Armenia and Georgia should try to deepen their trilateral economic cooperation with Iran after the recent lifting of international sanctions against the Islamic Republic, former Georgian Foreign Minister Maia Panjikidze said on Monday.
“As regards the expansion of economic cooperation among Armenia, Georgia and Iran, I think that everything is possible,” Panjikidze told journalists in Yerevan. “Everything depends on national interests and those interests are often connected to the economy.”
“Many prospects are emerging with the opening up of Iran,” she said. “We should therefore think about that and devise a strategic program of making those relations more intensive.”
Armenia and Georgia are already trying to jointly capitalize on the lifting of the sanctions. As recently as in April, top energy officials from the two South Caucasus neighbors as well as Iran and Russia signed a “roadmap” in Yerevan to the creation of an “energy corridor” that would sharply increase electricity supplies among them.
The four countries are to synchronize their power grids and engage in significant seasonal swaps of electricity, including with two new transmission lines that will connect Armenia to Iran and Georgia in 2018.
In recent months, Georgian and Iranian officials have also discussed the possibility of supplying Iranian natural gas to Georgia via Armenia. No final agreements have been reached so far, with Georgia continuing to buy the bulk of its gas from Azerbaijan.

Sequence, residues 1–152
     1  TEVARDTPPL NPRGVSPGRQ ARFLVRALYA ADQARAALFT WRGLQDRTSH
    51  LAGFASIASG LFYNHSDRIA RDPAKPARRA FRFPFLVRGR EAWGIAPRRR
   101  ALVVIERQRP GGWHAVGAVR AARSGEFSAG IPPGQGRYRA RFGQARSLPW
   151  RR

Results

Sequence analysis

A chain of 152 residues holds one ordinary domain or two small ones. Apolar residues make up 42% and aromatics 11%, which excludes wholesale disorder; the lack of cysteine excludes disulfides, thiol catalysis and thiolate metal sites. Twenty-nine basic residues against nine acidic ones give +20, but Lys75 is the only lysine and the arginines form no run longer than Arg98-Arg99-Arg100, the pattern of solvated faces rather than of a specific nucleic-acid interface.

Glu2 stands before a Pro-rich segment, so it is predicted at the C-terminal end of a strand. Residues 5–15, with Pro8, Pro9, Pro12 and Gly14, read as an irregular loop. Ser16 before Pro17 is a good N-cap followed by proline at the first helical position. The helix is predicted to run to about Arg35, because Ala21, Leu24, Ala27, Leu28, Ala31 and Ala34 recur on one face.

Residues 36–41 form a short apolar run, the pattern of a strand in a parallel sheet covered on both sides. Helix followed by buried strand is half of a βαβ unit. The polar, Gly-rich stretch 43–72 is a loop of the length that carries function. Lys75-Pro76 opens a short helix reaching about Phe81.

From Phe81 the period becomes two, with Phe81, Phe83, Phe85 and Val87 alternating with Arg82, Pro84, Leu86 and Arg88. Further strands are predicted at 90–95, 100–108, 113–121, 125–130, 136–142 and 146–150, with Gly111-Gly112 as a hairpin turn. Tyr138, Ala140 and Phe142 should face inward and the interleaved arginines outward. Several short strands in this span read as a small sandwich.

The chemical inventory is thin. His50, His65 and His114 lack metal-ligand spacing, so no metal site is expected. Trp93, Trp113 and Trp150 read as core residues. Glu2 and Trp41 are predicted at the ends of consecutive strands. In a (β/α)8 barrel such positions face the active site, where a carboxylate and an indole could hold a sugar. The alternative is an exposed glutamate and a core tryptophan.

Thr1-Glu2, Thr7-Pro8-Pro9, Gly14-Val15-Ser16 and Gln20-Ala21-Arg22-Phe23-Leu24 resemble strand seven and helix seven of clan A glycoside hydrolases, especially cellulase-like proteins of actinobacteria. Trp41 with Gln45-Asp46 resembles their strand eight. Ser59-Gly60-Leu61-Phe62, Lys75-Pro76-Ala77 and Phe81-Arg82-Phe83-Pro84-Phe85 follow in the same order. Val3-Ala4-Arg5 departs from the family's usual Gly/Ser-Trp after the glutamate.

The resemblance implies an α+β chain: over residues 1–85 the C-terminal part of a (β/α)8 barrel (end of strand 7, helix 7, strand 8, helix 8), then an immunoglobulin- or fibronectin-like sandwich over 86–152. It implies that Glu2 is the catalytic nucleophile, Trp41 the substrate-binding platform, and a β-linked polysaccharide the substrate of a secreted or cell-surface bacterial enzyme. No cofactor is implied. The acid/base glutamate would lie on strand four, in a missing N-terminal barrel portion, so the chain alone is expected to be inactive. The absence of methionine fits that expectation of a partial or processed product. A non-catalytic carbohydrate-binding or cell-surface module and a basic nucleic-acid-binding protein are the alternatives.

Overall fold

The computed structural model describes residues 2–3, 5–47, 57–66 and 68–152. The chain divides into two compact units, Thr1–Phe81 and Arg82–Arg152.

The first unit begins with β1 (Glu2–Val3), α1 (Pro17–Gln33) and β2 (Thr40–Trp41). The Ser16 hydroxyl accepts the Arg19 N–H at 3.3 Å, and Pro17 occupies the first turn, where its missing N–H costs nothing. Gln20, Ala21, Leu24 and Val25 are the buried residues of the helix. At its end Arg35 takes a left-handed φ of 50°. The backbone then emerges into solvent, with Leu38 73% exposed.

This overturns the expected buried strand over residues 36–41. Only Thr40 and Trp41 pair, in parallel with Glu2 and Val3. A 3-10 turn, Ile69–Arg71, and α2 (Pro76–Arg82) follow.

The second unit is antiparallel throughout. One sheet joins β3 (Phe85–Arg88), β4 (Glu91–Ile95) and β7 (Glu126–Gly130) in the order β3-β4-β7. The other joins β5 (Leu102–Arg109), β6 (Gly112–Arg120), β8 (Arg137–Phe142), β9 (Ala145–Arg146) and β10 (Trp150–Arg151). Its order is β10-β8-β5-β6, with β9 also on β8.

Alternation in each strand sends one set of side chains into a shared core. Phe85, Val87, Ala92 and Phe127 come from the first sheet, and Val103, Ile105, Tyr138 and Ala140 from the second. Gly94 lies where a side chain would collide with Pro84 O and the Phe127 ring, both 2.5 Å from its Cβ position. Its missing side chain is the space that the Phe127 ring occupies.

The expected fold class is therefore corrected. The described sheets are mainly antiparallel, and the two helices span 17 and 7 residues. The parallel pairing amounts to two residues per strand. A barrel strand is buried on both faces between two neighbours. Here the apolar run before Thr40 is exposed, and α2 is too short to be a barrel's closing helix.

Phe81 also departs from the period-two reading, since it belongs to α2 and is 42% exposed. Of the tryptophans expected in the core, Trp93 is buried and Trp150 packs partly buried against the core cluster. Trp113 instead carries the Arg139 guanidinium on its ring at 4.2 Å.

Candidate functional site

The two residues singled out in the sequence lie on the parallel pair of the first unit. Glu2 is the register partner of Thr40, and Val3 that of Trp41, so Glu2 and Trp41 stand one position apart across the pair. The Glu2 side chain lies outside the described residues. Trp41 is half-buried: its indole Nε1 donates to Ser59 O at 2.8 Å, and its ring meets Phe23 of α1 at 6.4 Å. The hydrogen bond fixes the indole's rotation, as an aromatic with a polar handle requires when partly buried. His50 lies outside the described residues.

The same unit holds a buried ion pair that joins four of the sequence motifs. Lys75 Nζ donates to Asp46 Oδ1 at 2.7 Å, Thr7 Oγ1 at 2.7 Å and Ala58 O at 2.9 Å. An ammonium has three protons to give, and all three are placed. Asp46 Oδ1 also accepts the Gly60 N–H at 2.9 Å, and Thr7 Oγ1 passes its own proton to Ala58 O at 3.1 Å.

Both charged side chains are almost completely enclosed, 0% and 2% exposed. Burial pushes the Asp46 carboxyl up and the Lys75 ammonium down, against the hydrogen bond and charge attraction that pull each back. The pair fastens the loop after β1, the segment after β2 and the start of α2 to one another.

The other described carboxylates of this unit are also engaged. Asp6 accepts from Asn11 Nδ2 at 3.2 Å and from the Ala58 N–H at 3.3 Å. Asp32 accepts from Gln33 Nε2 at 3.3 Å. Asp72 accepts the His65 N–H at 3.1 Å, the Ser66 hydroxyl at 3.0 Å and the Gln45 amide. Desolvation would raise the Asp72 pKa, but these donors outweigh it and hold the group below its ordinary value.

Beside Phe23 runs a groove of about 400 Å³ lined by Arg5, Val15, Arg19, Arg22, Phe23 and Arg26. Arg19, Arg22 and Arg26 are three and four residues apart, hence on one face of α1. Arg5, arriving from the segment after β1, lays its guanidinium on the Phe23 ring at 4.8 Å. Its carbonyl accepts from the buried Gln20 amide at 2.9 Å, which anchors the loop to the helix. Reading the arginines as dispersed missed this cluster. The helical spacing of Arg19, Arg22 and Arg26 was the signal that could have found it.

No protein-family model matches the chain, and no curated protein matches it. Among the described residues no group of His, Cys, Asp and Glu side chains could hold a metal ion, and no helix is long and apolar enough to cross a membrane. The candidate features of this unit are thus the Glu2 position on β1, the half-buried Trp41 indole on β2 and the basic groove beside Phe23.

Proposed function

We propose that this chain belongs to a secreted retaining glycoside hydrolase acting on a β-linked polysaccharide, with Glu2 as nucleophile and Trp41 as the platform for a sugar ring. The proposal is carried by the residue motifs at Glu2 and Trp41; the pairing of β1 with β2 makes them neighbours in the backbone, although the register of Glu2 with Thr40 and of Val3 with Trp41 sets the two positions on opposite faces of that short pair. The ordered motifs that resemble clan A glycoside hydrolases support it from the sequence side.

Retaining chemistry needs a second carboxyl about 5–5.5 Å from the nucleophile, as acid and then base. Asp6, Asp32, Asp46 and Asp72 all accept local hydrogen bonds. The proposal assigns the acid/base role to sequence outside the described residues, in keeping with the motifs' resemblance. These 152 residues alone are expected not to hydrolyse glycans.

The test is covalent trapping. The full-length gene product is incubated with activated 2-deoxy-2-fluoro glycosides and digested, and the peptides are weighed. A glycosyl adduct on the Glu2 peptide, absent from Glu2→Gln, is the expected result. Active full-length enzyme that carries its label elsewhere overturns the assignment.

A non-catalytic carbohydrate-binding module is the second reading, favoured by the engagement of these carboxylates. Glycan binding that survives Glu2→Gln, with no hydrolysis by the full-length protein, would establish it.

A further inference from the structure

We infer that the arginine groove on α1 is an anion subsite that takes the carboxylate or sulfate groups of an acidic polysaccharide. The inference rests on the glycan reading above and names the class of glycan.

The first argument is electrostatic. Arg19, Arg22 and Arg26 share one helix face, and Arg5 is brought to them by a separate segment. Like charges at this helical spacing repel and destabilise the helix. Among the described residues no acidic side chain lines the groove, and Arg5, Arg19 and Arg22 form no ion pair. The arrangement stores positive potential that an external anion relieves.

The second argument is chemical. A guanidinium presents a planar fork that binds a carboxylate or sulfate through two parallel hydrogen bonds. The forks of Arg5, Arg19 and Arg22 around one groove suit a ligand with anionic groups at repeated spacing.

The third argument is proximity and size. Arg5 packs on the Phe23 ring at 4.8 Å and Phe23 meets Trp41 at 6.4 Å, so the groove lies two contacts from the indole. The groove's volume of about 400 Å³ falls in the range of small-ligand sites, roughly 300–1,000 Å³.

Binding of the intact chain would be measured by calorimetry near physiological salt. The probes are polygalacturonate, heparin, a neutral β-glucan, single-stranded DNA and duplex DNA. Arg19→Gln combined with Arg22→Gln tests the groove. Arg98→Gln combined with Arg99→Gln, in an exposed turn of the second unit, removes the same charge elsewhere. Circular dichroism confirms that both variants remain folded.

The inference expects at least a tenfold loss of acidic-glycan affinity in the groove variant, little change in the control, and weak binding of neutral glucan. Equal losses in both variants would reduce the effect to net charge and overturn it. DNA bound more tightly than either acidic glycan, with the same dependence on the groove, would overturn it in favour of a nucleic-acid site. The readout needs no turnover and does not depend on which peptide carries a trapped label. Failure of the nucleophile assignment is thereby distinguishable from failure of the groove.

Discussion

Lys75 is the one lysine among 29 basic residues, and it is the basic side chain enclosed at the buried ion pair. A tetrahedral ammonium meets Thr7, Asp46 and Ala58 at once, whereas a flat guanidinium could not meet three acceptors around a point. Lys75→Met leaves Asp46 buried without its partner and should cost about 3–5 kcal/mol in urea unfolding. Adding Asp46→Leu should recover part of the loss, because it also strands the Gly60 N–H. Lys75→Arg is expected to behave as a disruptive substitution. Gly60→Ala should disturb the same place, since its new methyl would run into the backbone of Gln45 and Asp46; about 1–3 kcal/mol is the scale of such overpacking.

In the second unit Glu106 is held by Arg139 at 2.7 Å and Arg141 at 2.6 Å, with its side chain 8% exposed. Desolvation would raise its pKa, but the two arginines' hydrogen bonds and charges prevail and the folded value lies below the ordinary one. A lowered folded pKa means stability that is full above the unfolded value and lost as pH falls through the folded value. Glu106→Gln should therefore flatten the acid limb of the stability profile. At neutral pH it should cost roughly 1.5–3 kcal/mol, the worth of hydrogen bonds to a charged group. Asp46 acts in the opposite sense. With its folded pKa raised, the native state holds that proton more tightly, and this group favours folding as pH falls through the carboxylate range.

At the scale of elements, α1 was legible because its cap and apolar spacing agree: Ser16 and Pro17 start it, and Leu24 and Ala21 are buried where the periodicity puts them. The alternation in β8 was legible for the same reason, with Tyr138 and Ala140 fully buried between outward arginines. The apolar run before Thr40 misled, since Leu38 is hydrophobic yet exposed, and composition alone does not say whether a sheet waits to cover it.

Georgia is also the principal transit route for Azerbaijani oil and gas exported to world markets. The two states describe their relationship as “strategic partnership.”
“I will in no case say that Azerbaijan is more important to us than Armenia,” insisted Panjikidze, who served as foreign minister from 2012-2014 and is now a senior member of the Free Democrats, a major Georgian opposition party.
“Both countries are our neighbors, and we have always had very good relations with Armenia,” she said. “There are no political problems in Georgian-Armenian relations. It’s just that unfortunately our economic relations are not as developed as political ones.”
“I see great potential for the development of Georgian-Armenian economic relations,” added Panjikidze.
According to Armenian government data, Armenia’s trade with Georgia rose by 17 percent in 2015 and as much as 63 percent in the first half of this year. The rapid growth followed the 2014 signing of Georgia’s Association Agreement with the European Union and Armenia’s controversial accession in January 2015 to the Russian-led Eurasian Economic Union (EEU).
Georgia’s Prime Minister Giorgi Kvirikashvili and is outgoing Armenian counterpart, Hovik Abrahamian, praised growing bilateral trade and called for its further expansion when they met in Yerevan on September 5.